- Ally was frequently suggested, but frankly it’s a bit overwhelming to me; it feels like a traditional bank with lots of online features, but is not on the same level of straightforward design as these other options.
- Current looks nice, but there is no joint account support, so I did not look into it very much.
- Dave was suggested to me by a few people, but it seems focused on cash advances and side hustles which aren’t appealing to me at all. There is also no information on its site about shared/joint accounts or anything like Simple Goals.
- Varo was another repeat suggestion, but again, there are no shared/joint accounts.
- Qapital came up in my search, but it charges $3/month for basic savings features, $6/month for a debit card and investment features, and $12/month for the Master plan with Money Missions and early access to new features. I didn’t sign up just to try it out, so I don’t feel comfortable judging it alongside the options I did experience.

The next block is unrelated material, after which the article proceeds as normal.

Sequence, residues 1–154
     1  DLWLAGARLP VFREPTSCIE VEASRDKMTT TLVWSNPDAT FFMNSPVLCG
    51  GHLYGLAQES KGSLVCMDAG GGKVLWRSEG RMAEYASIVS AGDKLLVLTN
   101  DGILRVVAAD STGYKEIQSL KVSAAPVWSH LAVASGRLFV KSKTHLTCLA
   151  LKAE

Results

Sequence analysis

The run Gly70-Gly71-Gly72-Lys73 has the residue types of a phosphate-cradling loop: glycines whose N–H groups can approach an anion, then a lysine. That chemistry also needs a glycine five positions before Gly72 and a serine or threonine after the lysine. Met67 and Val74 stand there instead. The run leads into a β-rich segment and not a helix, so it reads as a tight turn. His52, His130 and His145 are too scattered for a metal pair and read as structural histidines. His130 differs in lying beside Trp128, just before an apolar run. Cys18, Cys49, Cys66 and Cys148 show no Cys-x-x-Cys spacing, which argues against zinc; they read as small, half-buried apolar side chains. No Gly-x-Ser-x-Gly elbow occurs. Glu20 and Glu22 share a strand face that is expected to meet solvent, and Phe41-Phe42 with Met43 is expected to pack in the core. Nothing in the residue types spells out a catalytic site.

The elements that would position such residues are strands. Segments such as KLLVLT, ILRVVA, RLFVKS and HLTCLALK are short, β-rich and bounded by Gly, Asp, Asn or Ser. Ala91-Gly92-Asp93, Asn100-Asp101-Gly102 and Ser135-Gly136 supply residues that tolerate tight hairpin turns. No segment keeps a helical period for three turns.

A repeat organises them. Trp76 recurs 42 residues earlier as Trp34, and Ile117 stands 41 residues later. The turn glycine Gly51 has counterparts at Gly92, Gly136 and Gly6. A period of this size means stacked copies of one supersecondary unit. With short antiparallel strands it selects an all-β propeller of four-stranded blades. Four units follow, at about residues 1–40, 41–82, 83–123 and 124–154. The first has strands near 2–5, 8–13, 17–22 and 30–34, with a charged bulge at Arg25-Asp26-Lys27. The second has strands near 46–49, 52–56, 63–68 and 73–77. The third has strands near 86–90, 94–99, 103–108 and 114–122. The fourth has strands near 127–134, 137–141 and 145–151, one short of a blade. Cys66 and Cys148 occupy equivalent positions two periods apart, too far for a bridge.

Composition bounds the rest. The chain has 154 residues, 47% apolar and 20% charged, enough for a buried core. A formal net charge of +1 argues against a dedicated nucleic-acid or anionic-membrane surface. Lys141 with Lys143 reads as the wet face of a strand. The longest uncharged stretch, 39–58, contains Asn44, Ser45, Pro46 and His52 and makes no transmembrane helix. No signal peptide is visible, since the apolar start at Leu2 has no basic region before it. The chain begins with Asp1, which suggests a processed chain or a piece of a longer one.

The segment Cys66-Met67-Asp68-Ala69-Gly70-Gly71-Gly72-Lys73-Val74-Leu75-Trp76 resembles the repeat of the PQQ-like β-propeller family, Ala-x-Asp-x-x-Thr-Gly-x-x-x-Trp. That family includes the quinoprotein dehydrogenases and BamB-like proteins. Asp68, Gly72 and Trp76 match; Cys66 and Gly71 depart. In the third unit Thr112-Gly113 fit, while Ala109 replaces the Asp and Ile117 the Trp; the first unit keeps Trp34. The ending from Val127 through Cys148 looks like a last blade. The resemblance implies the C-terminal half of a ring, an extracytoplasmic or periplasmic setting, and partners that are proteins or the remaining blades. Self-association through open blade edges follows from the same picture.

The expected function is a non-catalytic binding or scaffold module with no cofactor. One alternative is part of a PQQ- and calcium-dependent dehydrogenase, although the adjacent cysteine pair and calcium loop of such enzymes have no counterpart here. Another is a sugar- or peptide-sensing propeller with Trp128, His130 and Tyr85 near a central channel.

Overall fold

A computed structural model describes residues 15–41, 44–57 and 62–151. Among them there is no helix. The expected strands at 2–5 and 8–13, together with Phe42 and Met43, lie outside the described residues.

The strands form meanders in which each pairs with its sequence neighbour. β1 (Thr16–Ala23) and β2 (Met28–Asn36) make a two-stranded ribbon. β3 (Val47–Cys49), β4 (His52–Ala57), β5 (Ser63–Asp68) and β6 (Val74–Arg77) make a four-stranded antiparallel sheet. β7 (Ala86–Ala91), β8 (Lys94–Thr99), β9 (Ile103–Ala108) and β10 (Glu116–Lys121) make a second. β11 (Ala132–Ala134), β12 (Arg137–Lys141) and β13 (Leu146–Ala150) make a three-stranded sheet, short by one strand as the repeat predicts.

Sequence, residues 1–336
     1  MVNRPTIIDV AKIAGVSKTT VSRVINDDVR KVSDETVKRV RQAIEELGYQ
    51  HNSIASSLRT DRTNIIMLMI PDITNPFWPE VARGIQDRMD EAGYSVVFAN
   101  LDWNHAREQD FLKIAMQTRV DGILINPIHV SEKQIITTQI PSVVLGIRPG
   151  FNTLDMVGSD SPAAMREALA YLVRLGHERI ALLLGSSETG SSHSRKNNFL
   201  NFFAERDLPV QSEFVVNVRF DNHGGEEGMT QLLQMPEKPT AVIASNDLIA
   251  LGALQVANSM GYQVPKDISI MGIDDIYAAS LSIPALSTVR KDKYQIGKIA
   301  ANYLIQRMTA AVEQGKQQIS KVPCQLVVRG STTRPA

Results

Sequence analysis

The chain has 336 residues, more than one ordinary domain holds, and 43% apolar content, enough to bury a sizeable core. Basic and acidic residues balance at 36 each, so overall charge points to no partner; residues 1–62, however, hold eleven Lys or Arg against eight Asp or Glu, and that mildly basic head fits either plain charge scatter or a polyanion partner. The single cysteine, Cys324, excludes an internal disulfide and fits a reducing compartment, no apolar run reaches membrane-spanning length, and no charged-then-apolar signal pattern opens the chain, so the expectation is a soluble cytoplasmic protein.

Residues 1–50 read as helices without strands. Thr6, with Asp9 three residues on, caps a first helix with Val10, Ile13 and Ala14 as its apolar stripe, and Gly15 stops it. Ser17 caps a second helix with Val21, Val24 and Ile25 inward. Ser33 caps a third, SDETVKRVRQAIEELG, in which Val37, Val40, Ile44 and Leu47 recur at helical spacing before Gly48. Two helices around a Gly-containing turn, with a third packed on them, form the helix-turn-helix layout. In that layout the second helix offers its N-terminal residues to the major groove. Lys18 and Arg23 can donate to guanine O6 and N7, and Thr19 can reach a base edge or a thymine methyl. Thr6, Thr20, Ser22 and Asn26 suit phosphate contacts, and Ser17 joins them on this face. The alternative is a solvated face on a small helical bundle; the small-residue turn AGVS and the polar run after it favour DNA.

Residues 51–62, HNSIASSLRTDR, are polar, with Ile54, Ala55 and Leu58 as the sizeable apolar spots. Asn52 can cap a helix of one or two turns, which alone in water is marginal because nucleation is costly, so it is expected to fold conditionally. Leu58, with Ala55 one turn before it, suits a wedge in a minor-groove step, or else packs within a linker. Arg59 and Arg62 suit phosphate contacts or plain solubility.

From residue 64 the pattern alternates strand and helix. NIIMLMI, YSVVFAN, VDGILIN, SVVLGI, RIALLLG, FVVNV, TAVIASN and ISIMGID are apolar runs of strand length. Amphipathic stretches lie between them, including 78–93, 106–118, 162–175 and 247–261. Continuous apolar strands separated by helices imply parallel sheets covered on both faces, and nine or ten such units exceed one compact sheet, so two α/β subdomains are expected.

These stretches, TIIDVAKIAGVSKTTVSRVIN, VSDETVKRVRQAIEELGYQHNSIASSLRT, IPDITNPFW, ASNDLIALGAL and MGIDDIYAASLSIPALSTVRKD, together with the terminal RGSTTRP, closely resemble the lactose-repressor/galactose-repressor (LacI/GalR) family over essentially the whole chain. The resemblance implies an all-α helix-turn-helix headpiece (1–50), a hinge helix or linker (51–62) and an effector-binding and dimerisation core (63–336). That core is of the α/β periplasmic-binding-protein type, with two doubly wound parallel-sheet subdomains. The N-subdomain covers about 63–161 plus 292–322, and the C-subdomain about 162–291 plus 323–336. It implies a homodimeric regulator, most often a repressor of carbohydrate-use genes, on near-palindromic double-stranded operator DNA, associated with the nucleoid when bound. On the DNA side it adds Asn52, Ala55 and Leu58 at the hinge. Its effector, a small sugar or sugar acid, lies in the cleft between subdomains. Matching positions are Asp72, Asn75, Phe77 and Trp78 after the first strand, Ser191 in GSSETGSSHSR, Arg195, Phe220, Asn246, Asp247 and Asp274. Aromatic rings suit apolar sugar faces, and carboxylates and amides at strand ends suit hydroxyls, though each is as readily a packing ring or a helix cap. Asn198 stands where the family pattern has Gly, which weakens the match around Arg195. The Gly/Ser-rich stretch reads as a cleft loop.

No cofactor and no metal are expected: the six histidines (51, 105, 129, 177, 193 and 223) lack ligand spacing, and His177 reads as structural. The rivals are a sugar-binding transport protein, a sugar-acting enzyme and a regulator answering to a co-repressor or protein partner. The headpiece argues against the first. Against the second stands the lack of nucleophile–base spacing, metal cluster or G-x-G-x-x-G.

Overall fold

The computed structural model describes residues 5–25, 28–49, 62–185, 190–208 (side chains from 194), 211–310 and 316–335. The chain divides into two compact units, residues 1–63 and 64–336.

- Monzo was highly recommended by friends in Europe, but it has not yet properly debuted in the US; it’s on an invite wait-list system. From what I’ve heard, the US launch is fairly limited feature-wise when compared to Simple.
PayPlex. Google’s upcoming “Plex” banking service has not yet launched. Perhaps it will be worth a look when it goes live later this year.
- Credit unions were mentioned a few times, but nearly every local credit union has the same decade-old-looking mobile app and doesn’t support anything quite like Simple Goals or Expenses.
- Over-the-top budgeting tools like Mint and YNAB were mentioned a few times, but they do not offer the same level of integration and simplicity as having Goals or Pockets built into your bank account.
Should you just stick with Simple/BBVA?
Simple announced that accounts will eventually be transitioned over to the BBVA US app and be serviced like any other account. Honestly, holding onto your Simple account as long as possible might be the best solution for now; your debit cards, bank account and routing numbers, and protected accounts will all continue to work the same for the time being. Once Simple or BBVA US announce a timeline and details for the transition, it will be easier to make a decision—and by then, maybe one of these replacements will have matured and caught up with Simple.